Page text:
Court of Appeal considers use of inherent jurisdiction in Forced Marriage case
5th September 2023
Rhys Hadden has appeared in the Court of Appeal in Re SA (Declaration of Non-Recognition of Marriage)  EWCA Civ 1003, a complex appeal concerning the inherent jurisdiction of the High Court to make a declaration that an overseas marriage should not be recognised as valid in England and Wales when one party to the marriage lacked capacity to enter into that marriage.
The issue arose in the context of concurrent proceedings before the Family Division and Court of Protection where an application for a Forced Marriage Protection Order (“FMPO”) had been made by West Northamptonshire Council on the basis that SA, a British woman with a learning disability, had entered into an arranged marriage in Bangladesh when she lacked capacity to do so.
Newton J had previously determined that SA lacked capacity to enter into marriage or engage in sexual relations (both at the time and at the date of the hearing), made a final FMPO and granted a “declaration of non-recognition” regarding the status of the marriage in England and Wales. SA’s mother, supported by SA’s father, appealed against the declaration of non-recognition, relying heavily on the extensive obiter comments of Mostyn J in NB v MI (Capacity to Contract Marriage)  EWHC 224 (Fam). The appeal was opposed by the local authority and the Official Solicitor.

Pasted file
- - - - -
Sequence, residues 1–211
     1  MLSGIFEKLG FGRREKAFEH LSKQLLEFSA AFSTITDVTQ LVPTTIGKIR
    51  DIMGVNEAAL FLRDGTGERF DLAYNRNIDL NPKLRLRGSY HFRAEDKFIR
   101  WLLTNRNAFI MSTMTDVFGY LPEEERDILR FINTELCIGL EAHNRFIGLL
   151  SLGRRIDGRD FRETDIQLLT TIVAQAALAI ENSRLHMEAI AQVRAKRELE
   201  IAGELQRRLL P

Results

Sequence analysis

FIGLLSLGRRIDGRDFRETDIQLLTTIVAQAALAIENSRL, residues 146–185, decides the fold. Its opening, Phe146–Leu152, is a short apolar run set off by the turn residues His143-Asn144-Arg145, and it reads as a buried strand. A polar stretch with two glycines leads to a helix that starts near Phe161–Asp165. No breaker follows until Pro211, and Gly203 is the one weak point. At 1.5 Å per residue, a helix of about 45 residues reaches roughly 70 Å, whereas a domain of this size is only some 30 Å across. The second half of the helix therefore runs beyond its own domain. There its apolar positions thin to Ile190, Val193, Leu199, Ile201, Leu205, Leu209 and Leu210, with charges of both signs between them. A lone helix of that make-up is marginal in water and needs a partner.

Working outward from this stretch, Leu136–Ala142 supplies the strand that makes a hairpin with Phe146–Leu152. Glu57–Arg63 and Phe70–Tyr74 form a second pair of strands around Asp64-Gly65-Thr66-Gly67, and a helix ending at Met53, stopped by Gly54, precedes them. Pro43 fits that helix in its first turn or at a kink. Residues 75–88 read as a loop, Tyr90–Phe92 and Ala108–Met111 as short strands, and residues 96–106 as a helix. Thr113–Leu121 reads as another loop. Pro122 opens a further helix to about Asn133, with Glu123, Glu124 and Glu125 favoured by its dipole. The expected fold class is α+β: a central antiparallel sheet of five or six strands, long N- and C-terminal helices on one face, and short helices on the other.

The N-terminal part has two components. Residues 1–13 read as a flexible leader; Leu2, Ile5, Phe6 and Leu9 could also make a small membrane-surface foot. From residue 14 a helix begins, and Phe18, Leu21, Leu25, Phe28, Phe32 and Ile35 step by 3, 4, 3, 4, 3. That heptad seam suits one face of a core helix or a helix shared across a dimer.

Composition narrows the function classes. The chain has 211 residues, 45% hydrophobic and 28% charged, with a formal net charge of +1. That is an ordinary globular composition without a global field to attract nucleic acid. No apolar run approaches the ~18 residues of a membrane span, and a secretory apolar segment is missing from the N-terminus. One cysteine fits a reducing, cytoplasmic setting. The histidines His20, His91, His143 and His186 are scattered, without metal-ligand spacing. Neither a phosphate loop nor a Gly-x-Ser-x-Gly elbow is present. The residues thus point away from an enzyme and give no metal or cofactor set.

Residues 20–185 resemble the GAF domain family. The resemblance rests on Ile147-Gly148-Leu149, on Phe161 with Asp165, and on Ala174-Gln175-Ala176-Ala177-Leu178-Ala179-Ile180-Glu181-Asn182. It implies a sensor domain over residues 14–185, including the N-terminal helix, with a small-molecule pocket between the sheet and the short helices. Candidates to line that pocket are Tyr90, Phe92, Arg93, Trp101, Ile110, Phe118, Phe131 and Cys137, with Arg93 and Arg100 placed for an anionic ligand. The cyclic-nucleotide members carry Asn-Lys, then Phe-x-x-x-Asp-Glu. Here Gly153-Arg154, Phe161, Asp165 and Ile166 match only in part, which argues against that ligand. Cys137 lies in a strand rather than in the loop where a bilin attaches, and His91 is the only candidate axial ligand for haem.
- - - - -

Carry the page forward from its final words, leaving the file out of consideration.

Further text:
In a detailed and wide-ranging judgment, Moylan LJ confirmed that sections 55 and 58 of the Family Law Act 1986 (“FLA 1986”) do not prohibit the court from making a declaration of non-recognition under the inherent jurisdiction in respect of a voidable foreign marriage (see paras 78-95 of the judgment). The Court of Appeal further confirmed that Newton J was right to make such a declaration in the factual circumstances of this case, and that it is not necessary to demonstrate that an adult has actually suffered violence, coercion or distress before the Court will be prepared to grant this form of relief (paras 97-100).
While considered by a number of first instance decisions, this issue had not been considered at an appellate level since the landmark decision of Westminster City Council v C  EWCA Civ 198. It clarifies any legal uncertainty that has arisen following the decision NB v MI. The Court of Appeal’s decision also reinforces the position that a declaration of non-recognition remains a necessary and important remedy in the context of protecting a vulnerable adult from the legal consequences of entering into a marriage when they lacked capacity to do so.
Rhys represented SA through the Official Solicitor. He was instructed by Laura Hobey-Hamsher and Brigdhe Gallivan of Bindmans LLP. The full judgment can be accessed via BAILLI here and The National Archives here.
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